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Should I Get an MFA in Creative Writing?

Deciding to get an MFA can be a daunting thing to consider, and an internet full of (overly-pat) think pieces doesn’t make it any easier. There are dozens of articles out there about whether MFAs are “bad” or “good,” but there are fewer online resources that actually help people decide whether it’s the right choice for them. 


Maybe you don’t know whether an MFA is the right choice for you. Maybe you don’t know where to start with the application process. This guide aims to work as a starting point for folks considering an MFA, and how to go about applying for programs if you ultimately decide to do so. 

Before we get started, here are some terms you’ll encounter in this whole MFA discussion. 




Fully-funded: When people say “fully-funded MFA program” they mean a program that waives your tuition and gives you a small stipend, usually in exchange for some kind of work, such as teaching freshman composition (most commonly) or intro to creative writing, being a research assistant, a writing tutor, or editing a university publication. If an MFA is truly fully-funded, this means everyone accepted gets a tuition waiver and a stipend. Some folks may get an extra scholarship or fellowship package, but everyone has at least a base salary. 


Partially-funded: When an MFA is listed as having “partial funding” this can mean a few different things. 

Maybe only some students get full funding with a tuition waiver and a stipend. Maybe students are expected to pay tuition, but there are various scholarships available. The funding structure for students in partially-funded programs varies by institution, so you’ll need to look at the school’s website to determine how their funding works. There are some really great programs partially-funded programs, so don’t knock them off your list summarily. Simply put, though, a partially-funded MFA means that at least some students are paying tuition, and there’s no guarantee when you apply whether you’ll receive funding or not.  


Full-residency: The “traditional” graduate school experience. You live in the area and attend weekly workshops and courses on campus. Programs typically last 2 to 3 years.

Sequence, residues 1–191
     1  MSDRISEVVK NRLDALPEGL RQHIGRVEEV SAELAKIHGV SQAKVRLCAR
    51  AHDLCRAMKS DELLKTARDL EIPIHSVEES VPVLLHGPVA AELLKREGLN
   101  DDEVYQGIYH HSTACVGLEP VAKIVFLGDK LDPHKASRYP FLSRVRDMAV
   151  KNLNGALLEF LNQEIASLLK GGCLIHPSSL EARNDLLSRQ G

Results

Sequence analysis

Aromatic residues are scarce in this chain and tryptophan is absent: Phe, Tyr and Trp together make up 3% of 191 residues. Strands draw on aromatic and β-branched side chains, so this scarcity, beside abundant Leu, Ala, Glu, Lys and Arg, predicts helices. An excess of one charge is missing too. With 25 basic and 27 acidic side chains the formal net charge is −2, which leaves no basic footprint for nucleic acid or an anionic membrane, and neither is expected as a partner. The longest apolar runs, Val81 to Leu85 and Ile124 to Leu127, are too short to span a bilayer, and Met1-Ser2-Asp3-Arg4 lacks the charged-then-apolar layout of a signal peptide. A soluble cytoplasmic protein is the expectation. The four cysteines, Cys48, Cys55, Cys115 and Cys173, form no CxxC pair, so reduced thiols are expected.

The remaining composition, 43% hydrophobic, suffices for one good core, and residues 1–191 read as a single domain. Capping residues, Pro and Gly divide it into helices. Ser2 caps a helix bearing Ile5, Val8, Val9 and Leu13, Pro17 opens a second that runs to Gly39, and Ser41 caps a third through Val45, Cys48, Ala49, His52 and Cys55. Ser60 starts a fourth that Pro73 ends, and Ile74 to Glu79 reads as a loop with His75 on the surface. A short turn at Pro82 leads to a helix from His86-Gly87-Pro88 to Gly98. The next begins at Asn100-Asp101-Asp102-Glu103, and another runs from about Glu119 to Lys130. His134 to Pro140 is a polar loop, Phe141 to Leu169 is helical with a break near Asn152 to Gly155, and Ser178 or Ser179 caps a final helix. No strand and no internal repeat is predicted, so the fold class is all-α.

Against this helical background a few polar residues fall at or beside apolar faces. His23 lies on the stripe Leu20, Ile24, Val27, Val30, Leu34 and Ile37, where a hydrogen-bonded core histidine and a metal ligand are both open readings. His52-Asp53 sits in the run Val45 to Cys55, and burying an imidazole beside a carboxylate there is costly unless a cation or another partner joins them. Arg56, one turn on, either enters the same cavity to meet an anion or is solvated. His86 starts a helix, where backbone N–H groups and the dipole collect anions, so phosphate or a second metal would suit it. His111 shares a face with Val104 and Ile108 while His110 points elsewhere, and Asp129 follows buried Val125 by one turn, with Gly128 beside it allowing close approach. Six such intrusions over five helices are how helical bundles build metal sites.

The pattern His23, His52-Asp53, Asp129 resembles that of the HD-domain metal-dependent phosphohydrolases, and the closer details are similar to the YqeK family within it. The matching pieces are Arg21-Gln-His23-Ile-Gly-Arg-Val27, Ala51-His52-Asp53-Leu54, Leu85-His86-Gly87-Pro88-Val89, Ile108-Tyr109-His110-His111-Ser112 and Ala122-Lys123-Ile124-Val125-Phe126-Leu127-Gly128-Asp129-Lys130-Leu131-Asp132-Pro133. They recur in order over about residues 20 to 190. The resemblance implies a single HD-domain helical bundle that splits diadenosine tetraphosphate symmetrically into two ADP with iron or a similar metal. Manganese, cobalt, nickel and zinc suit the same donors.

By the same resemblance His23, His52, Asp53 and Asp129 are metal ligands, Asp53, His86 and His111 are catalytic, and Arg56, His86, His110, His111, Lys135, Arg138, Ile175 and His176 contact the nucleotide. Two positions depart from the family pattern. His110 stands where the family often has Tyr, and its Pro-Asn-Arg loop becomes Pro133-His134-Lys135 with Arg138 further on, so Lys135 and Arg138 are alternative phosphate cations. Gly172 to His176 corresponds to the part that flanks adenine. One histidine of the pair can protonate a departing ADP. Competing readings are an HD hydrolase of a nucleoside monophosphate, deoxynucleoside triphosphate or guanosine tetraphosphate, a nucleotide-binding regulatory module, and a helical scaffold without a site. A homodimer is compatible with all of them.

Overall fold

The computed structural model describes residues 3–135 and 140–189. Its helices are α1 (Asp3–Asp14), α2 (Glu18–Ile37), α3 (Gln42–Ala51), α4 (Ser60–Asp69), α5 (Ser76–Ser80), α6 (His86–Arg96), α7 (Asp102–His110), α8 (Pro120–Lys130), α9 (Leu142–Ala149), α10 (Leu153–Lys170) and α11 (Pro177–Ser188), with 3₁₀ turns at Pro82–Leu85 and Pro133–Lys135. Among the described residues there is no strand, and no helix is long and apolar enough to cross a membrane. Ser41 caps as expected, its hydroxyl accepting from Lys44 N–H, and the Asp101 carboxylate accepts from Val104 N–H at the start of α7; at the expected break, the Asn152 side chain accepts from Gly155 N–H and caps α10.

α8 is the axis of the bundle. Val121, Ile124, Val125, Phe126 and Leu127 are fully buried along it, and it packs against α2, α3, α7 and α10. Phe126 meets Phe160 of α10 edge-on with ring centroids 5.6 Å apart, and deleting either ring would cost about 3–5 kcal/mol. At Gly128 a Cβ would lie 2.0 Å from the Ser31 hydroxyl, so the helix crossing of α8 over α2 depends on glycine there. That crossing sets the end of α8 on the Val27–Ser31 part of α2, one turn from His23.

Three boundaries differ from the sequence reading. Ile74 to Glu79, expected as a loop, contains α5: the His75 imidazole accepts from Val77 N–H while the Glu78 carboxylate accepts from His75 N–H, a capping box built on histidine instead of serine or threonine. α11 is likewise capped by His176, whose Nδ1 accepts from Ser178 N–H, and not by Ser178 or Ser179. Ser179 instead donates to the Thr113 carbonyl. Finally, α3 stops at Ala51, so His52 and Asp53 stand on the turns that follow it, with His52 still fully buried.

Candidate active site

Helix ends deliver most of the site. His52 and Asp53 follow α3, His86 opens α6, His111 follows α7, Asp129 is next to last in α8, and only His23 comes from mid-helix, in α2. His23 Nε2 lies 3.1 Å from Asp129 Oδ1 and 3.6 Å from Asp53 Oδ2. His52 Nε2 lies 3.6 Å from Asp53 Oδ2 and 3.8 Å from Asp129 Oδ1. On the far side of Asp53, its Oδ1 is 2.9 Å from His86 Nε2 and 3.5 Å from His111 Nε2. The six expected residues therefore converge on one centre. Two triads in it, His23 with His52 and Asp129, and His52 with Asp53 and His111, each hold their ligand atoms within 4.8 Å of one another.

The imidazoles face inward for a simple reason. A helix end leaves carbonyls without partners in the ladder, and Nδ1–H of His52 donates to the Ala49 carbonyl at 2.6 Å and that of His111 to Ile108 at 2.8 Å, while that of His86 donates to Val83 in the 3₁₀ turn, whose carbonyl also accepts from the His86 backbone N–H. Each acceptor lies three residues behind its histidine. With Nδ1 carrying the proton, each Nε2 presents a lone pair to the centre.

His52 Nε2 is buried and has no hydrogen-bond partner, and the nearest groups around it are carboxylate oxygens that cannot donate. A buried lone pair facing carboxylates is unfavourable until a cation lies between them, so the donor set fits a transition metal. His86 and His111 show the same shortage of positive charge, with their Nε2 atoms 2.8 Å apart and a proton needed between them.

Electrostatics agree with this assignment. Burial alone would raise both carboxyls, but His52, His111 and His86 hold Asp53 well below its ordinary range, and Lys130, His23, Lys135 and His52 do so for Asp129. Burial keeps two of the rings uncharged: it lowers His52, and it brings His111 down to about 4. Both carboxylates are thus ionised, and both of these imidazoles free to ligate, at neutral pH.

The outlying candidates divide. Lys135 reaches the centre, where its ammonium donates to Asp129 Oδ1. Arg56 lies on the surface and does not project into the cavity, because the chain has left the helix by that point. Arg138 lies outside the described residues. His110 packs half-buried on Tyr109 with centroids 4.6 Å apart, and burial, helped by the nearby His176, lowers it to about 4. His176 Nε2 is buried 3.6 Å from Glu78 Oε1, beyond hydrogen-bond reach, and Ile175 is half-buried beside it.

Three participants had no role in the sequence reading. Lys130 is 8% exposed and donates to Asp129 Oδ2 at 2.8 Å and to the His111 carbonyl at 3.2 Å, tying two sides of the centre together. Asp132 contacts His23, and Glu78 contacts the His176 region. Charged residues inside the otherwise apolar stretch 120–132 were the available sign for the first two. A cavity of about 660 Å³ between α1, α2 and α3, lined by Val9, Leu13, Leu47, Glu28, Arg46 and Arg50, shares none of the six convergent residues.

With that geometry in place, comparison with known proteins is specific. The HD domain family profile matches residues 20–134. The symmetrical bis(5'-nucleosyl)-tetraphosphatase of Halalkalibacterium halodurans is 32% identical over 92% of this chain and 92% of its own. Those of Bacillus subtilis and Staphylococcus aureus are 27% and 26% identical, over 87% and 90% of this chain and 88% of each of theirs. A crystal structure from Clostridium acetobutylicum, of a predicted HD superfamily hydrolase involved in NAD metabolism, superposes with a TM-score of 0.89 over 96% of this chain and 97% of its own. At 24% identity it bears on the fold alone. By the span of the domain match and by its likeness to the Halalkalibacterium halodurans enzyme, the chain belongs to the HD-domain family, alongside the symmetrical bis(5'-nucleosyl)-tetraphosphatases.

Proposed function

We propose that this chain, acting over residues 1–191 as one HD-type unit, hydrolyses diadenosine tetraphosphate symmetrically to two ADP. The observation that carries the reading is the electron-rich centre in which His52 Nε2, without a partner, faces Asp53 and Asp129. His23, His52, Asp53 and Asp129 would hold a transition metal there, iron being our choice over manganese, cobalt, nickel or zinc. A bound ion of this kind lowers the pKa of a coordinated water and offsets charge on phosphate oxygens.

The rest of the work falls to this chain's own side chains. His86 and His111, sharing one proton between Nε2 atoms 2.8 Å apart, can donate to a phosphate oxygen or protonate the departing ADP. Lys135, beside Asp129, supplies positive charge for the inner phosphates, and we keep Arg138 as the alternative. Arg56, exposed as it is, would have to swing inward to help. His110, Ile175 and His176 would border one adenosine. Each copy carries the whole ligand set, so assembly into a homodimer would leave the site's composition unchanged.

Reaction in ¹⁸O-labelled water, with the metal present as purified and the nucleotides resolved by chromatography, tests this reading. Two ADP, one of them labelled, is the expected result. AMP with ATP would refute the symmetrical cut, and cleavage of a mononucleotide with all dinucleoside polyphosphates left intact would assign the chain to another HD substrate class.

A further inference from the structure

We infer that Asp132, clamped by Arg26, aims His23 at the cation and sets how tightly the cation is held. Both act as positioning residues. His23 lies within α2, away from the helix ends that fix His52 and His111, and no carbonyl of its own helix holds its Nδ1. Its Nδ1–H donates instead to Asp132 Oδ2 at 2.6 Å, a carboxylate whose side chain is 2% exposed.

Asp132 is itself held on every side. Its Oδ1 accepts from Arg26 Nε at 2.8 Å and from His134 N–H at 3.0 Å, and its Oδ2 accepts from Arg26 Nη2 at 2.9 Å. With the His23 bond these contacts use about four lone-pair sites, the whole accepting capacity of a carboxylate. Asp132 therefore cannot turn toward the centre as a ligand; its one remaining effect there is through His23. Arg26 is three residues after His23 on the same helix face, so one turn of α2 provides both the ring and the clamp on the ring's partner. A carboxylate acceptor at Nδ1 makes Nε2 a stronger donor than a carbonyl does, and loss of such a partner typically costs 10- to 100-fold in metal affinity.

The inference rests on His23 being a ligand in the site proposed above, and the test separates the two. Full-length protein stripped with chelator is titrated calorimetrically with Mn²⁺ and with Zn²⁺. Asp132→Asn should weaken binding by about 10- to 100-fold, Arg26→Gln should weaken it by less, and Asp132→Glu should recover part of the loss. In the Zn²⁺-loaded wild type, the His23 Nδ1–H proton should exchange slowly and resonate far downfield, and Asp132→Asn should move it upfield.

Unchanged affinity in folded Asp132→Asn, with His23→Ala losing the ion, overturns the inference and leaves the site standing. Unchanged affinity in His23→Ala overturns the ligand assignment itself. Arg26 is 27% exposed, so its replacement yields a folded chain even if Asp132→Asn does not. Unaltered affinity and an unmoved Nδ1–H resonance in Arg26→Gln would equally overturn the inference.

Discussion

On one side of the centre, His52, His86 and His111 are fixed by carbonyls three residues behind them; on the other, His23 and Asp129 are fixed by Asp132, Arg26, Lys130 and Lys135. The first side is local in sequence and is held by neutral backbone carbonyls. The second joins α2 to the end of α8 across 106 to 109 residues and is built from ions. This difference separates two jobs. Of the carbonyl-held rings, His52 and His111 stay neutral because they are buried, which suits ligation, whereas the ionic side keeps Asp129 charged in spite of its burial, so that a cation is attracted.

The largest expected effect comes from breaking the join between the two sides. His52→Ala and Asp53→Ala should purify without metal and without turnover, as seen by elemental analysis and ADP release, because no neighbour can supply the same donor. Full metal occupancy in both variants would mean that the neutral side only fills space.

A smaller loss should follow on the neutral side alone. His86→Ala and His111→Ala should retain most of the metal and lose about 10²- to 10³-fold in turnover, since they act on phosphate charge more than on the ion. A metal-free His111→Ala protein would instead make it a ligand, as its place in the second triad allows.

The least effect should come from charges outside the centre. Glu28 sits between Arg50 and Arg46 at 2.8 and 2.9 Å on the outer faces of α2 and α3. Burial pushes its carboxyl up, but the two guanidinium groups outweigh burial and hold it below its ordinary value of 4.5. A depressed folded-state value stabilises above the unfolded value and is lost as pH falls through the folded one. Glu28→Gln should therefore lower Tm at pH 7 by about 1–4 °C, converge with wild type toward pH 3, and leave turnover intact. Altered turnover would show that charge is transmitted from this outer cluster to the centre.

Low-residency: You don’t need to live near the school. Most of the year, you will work remotely with advisors and other students on personal writing and reading goals. Once to three times a year, you will travel to the “residency” part of the low-res program for a period of intensive workshops, seminars, and meetings. Programs also typically last 2 to 3 years. There are no fully-funded low-res programs (that I have been able to find) but a few do have select fellowships that cover all tuition costs, and most programs have scholarships available. 

My Choice 


Considering I'm the one giving this advice, I feel like it's pertinent for me to share how I made my choice.


For me, deciding to get an MFA was easy. I had wanted to do it since my undergrad years. I was working multiple jobs without benefits to make ends meet in an increasingly gentrifying Seattle, so getting into a fully-funded, full-residency MFA program actually represented economic security at the time (even despite the small TA stipends). My student loans payments were onerous, but they were all federal loans, and all but one were subsidized. This meant I could defer my loan payments while getting my MFA, and that most of them would not accrue interest while I was in school. While I knew I wouldn’t make a bunch of money getting an MFA, I also knew it wouldn’t be a bad choice financially. This made my choice to apply to MFA programs easier. Not everyone is so lucky (or unlucky, depending) for the choice to be that easy. 


Had I had the money to attend a graduate program in publishing (none of which are fully funded) or a full-time unpaid internship at one of the big NY publishing houses (how???), I might well have done those things instead of getting an MFA. Had I had the right connections to get a better-paying job, I might have chosen to do that. Had I had the time, schedule, and connections to find a way to become more involved in the literary community in Seattle, I might have chosen to do that while working. I just knew I wanted to be involved in the literary community somewhere, and the MFA was a way I could do that more affordably. 


I also was not a caretaker and I  had a partner who supported me applying to MFA programs. I’d been a creative writing major in undergrad, so I knew I didn’t hate workshops or literature classes. This meant I didn’t have to ask some of the big questions below other folks might have to ask. 


The Decision: To MFA or not to MFA


If you don't know if an MFA is right for you, you'll first have to decide if you’re more interested in a full-residency MFA or a low-residency MFA, as they’re both different beasts in terms of how you're going to live your life outside of your writing and coursework. Though folks might stand on their hills and have some strong opinions about which is “better” overall, know this: neither is better or worse in terms of writers studying their craft, getting feedback, and writing great work. But one of them might be better for you, depending on your preferences, responsibilities, and finances. 


I’ve broken down this section into two parts: Questions for those considering a full-residency MFA, and reasons you might want to pursue a low-residency MFA. Read whichever one you're most interested in, or both if you’re undecided. 

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